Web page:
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Builder's tea is an English colloquial term for the sort of strong, inexpensive tea drunk by construction workers taking a break. The term is used to differentiate from other servings of tea, as it is usually both brewed strongly and served in a mug (as opposed to being brewed in a teapot) milky with two (or more in some cases) teaspoons of sugar. The term has widespread use throughout both Ireland and the United Kingdom.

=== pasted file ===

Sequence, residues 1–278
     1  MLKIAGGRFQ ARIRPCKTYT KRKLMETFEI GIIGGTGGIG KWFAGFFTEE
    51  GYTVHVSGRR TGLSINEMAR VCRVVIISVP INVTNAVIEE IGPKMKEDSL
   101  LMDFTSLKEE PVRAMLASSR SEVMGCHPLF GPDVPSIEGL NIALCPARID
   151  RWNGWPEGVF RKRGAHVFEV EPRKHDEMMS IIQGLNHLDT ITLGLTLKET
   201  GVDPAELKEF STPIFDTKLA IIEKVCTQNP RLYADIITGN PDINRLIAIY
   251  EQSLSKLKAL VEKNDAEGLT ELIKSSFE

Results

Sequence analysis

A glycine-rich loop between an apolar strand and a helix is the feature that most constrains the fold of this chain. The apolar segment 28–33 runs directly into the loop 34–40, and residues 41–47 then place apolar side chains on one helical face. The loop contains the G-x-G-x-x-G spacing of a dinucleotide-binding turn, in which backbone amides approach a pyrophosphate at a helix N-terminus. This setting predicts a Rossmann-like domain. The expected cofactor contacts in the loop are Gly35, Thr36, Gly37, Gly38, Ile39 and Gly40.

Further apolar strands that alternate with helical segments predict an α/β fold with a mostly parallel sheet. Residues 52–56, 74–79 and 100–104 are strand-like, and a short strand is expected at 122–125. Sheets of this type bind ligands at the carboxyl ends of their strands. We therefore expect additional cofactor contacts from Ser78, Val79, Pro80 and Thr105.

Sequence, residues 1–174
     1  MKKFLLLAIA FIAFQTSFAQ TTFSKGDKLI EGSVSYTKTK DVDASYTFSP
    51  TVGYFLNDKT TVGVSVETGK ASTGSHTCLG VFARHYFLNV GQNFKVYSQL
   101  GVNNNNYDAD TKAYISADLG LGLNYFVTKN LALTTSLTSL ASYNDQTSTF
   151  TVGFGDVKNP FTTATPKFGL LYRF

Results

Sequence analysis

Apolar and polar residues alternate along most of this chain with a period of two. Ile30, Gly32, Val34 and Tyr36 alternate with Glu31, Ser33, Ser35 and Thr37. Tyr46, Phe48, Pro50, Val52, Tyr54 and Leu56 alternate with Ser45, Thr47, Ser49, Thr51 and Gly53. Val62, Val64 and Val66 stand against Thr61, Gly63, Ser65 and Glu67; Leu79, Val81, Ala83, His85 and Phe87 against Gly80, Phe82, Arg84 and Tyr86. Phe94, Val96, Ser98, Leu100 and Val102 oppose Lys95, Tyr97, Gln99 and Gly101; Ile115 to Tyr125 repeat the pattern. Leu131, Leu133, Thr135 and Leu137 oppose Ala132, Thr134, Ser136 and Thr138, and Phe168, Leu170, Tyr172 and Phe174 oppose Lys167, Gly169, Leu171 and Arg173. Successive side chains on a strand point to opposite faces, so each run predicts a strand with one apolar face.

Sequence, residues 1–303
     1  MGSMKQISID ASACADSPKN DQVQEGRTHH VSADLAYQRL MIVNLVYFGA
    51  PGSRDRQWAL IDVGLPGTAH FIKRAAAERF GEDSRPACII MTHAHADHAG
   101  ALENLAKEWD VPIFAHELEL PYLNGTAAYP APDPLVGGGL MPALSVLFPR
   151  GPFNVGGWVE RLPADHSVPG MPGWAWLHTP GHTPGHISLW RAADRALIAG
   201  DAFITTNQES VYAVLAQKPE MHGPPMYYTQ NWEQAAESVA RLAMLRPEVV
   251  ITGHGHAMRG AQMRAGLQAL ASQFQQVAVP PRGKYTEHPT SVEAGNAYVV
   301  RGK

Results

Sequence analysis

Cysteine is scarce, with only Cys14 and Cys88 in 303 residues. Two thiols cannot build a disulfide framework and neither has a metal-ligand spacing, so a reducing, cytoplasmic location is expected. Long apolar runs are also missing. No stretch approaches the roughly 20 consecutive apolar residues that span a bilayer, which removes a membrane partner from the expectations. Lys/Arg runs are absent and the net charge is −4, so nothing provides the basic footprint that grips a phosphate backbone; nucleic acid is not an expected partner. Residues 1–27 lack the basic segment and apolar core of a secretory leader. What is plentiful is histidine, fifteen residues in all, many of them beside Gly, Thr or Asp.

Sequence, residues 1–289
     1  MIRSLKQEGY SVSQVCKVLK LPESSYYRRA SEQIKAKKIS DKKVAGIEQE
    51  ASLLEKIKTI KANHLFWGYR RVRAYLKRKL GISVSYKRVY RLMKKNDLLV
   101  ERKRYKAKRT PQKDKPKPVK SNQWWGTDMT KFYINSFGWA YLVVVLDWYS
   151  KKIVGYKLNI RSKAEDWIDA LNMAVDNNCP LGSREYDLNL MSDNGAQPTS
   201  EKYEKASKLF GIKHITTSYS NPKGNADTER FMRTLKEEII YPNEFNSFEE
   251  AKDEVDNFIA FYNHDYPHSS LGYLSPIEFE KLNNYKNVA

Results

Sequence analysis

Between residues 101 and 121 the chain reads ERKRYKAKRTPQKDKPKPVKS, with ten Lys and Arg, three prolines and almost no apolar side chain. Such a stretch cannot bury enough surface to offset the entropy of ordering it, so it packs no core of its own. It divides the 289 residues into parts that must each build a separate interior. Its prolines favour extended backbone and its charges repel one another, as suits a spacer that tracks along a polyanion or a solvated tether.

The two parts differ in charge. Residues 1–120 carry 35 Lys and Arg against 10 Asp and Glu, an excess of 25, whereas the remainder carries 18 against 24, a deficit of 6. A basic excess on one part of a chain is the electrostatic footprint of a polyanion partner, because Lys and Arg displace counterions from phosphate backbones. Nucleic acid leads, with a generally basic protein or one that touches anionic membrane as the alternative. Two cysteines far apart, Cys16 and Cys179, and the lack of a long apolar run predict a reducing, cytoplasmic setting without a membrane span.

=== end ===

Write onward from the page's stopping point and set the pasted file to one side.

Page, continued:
In 1916 the Ministry of Munitions health committee pronounced in a document titled Hours of Work: 'An opportunity for tea is regarded as beneficial both to health and output.' Builder's tea is typically robust and a rich brown colour. The leaves are often brewed for longer than usual. Brands high in tannin, caffeine and Assam leaves better suited to builder's tea include: PG Tips, Red Label (Brooke Bond, Tesco), Tetley, Lyon's Quickbrew. In 2007 a brand was put on the market called "Make Mine a Builders".